Rare variants in tenascin genes in a cohort of children with primary vesicoureteric reflux
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Primary vesicoureteral reflux (PVUR) is the most common malformation of the kidney and urinary tract, and reflux nephropathy is a major cause of chronic kidney disease in children. Recently, we reported mutations in the tenascin XB gene (TNXB) as a cause of PVUR with joint hypermobility.
To define the role of rare variants in tenascin genes in the etiology of PVUR, we screened a cohort of patients with familial PVUR (FPVUR) and non-familial PVUR (NFPVUR) for rare missense variants inTNXB and the tenascin C gene (TNC) after excluding mutations in ROBO2 and SOX17.
The screening procedure identified 134 individuals from 112 families with PVUR; two families with mutations in ROBO2 were excluded from further analysis. Rare missense variants in TNXB were found in the remaining 110 families, of which 5/55 (9 %) families had FPVUR and 2/55 (4 %) had NFPVUR. There were no differences in high-grade reflux or renal parenchymal scarring between patients with and without TNXB variants. All patients with TNXB rare variants who were tested exhibited joint hypermobility. Overall we were able to identify causes of FPVUR in 7/57 (12 %) families (9 % in TNXB and 3 % in ROBO2).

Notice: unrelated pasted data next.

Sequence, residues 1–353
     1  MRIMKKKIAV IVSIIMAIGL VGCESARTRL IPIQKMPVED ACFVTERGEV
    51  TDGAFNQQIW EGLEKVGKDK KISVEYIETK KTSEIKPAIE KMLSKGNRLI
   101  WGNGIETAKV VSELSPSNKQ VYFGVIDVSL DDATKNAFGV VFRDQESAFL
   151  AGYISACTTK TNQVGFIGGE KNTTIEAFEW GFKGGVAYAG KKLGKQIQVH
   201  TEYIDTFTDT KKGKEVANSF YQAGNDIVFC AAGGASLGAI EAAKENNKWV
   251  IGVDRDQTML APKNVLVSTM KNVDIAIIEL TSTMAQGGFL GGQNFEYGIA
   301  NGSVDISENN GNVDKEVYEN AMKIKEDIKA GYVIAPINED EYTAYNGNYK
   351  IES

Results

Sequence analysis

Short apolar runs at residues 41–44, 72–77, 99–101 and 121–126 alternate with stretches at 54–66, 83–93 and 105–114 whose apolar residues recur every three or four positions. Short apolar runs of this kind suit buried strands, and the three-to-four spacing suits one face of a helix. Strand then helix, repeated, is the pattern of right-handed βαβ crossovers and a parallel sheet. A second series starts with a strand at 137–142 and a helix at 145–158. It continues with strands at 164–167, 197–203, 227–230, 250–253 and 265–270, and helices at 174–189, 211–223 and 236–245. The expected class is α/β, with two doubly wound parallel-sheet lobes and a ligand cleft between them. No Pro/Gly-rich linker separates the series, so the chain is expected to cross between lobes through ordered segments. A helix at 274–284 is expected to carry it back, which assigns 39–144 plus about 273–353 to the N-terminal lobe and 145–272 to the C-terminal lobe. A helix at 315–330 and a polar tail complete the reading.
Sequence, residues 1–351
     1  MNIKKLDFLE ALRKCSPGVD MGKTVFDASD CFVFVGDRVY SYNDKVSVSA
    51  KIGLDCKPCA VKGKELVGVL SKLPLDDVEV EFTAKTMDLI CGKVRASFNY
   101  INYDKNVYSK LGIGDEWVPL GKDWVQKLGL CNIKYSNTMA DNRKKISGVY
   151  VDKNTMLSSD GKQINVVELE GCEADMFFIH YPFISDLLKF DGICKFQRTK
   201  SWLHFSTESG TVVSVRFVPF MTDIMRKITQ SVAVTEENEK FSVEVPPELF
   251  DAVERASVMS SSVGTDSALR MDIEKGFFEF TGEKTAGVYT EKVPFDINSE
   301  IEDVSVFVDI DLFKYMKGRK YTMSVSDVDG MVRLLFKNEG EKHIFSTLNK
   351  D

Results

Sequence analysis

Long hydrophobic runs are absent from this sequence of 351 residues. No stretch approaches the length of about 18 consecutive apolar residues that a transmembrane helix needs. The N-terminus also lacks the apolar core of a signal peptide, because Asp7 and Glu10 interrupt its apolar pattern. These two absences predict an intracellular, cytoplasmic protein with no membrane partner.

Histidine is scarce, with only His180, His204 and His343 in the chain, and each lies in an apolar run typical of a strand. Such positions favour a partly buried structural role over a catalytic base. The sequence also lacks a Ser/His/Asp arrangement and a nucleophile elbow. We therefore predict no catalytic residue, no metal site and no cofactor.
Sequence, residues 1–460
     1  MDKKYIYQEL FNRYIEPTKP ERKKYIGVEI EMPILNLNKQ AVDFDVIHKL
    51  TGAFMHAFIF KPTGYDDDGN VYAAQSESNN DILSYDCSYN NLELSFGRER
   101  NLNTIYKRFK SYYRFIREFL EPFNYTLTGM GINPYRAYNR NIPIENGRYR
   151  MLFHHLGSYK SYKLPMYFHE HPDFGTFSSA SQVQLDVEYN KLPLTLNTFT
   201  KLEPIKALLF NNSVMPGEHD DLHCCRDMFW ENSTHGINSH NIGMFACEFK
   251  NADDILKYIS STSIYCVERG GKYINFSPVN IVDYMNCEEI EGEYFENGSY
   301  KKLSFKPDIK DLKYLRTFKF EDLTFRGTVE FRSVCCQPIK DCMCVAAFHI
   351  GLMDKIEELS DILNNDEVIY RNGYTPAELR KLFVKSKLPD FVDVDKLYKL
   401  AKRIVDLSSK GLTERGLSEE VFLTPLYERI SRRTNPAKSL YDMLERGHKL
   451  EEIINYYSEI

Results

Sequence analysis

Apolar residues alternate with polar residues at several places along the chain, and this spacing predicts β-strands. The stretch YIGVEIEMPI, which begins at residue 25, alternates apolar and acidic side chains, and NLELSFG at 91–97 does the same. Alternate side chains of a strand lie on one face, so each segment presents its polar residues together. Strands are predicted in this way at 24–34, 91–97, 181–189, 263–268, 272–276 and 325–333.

In conclusion, the identification of a rare missense variant in TNXB in combination with a positive family history of VUR and joint hypermobility may represent a non-invasive method to diagnose PVUR and warrants further evaluation in other cohorts.
KeywordsVesicoureteral reflux Tenascin genes Joint hypermobility Urinary tract infection Reflux nephropathy
This study was supported by the National Institutes of Health (NIH) and the National Institute of Diabetes and Digestive and Kidney Diseases (NIDDK) grant R21DK096200 and the Bayden Collins Pediatric Kidney Disease Research Fund, Duke University Medical Center. RG is the recipient of the Doris Duke Clinical Research Mentorship grant. We would like to thank the personnel of the genomic core of the Duke Molecular Physiology Institute (DMPI) and most importantly the participants in the study.
Conflict of interest
All the authors declared no competing interests.
Institutional review board approval was obtained from Duke University Medical Center (Durham, NC). We obtained informed consent from parents and assent from children participating in the study.
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